Mayo Commemoration Day : Sunday the 3rd of August 2.30pm at The Mayo Peace Park.
This is a Multi Faith Ecumenical Ceremony, which will focus on the 100th anniversary of World War One, a war which effected county Mayo in a devastating manner, with well over 1,100 local men killed and thousand’s of other’s maimed for life, many of them dying in the years after the war.
Mr Kevin Myers, the well known, author, columnist and writer, is the special guest speaker on the day. The organizers are delighted to have him with them and they want to offer him their sincere thanks for his outstanding work & dedicated contribution over so many years. Kevin Myers, led from the front, he campaigned long and hard, for the proper recognition of the Irish men and women who served and died in the World Wars, and he done this at a time when it was not understood and appreciated in Ireland. However his perseverance paid off, and the majority of the people of Ireland now fully acknowledge the great sacrifice made by so many, on their behalf.
Monday the 4th of August ; Newport Grave Re-Dedication : Distinguished World War One Pilot will be remembered in Burrishoole, Church of Ireland, Cemetery in Newport, at 2.30pm on Monday the 3rd of August 2014.
Major Thomas Falcon Hazell, DSO, M.C. DFC & BAR.
Major Thomas Falcon Hazell, DSO, M.C. DFC and Bar, was a native of Roundstone, County Galway. He was born on the 7th of August 1892, he died 4th September 1946. He was a very highly decorated fighter pilot with the Royal Flying Corps, during the First World War, in fact he was said to be the 5th most successful British Ace scoring 43 victories, the 3rd most successful Irish pilot and he was the only one of all of those to actually survive the war. He died in Ireland in 1946.
His grave was located a few months ago, in the Old Burrishoole, Church of Ireland, Graveyard, this is located just off Main Street in Newport Town, County Mayo. The years had taken a heavy toll on it the headstone was broken. It was decided to repair and upgrade the grave, in order to have it unveiled at 3pm on Monday the 4th of August the actual anniversary of the war. How fitting it is that such a distinguished & brave war hero is to remembered again after so long.It will happen on Monday next the 100th anniversary of World War One.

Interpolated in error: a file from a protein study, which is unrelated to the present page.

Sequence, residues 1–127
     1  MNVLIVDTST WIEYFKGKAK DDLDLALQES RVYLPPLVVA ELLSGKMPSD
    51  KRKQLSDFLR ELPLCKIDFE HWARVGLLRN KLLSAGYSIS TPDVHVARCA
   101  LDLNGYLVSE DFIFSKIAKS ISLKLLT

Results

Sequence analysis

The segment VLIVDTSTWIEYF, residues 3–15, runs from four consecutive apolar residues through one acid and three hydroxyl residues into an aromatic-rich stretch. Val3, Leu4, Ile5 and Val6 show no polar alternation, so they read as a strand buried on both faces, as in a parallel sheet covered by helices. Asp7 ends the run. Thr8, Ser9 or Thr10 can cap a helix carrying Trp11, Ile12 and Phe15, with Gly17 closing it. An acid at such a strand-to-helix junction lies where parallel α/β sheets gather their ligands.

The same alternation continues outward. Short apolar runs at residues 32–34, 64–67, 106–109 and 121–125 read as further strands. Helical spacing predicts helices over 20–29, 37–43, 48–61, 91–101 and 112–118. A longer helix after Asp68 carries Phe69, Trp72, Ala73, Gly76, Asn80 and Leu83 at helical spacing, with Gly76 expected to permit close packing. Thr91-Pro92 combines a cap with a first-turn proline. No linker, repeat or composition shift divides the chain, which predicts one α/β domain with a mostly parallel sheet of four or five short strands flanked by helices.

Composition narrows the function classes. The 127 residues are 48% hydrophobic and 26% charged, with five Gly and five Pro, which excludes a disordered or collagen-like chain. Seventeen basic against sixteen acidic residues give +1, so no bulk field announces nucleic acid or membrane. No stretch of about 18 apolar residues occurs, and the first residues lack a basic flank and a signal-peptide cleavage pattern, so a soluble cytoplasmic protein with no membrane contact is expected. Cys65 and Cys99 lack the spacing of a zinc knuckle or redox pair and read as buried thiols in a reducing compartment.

On the outbreak of war in August 1914, Thomas Hazell enlisted as a humble trooper in the South Irish Horse, a yeomanry regiment which had gained a dubious fame as the model for Percy French’s song, Slattery’s Mounted Foot. Tom was, no doubt, one of the stout gosoons, swinging down from the mountain, no doubt nursing his Lee Enfield by the butt as he marched along to patriotic tune. Be that as it may, life in the ranks was mercifully short; within the month Tom had been identified as a POM, “potential officer material”.
Commissioned into the 7th Inniskillings, Tom set sail for Flanders, just in time to arrive for the that unspeakably murderous encounter, the First Battle of Ypres. A series of weary blood baths followed in which Tom played his part to the full.Loos, Aubers Ridge, Festubert, and the Somme, all took their toll on the idealistic youngsters who, who like Tom, had stormed his Majesty’s recruiting offices in August 1914.By 1916, enough was enough and Tom volunteered and was accepted for flight training with The Royal Flying Corps.
Surviving a bad crash in June 1916, and after completing his training, Hazell joined No. 1 Squadron on the Western Front later that year, flying Nieuport 17 scouts. After twenty victories by August 1917, Hazell received the Military Cross. After a period as instructor at the Central Flying School, Upavon, Hazell took command of ‘A’ flight in No. 24 Squadron in June 1918, flying the SE-5a. Hazell became the 60th victory of Lt. Ernst Udet, the German badly damaging Hazell’s aircraft in a low level chase across the lines. Adding another twenty claims, he then took command of No. 203 squadron in October 1918. His final claim totals were 1 captured aircraft, 8 (and 2 shared) kite balloons, 17 (and 1 shared) aircraft destroyed, 11 (and 2 shared) ‘down out of control’.
After the war had concluded, Hazell was given a permanent commission by the Royal Air Force as well as being decorated with both a Distinguished Service Order (DSO) and a Distinguished Flying Cross (DFC). During the 1920’s Hazell was a commander of a series of Squadrons in the Middle East, most notably Iraq. In 1944, at the age of 52, Hazell became the commander of “D” Company, 24th (Tettenhall) Battalion, South Staffordshire Home Guard during the later part of the Second World War.
1946. Two years later in Ireland, Thomas Falcon Hazell died at the age of 54.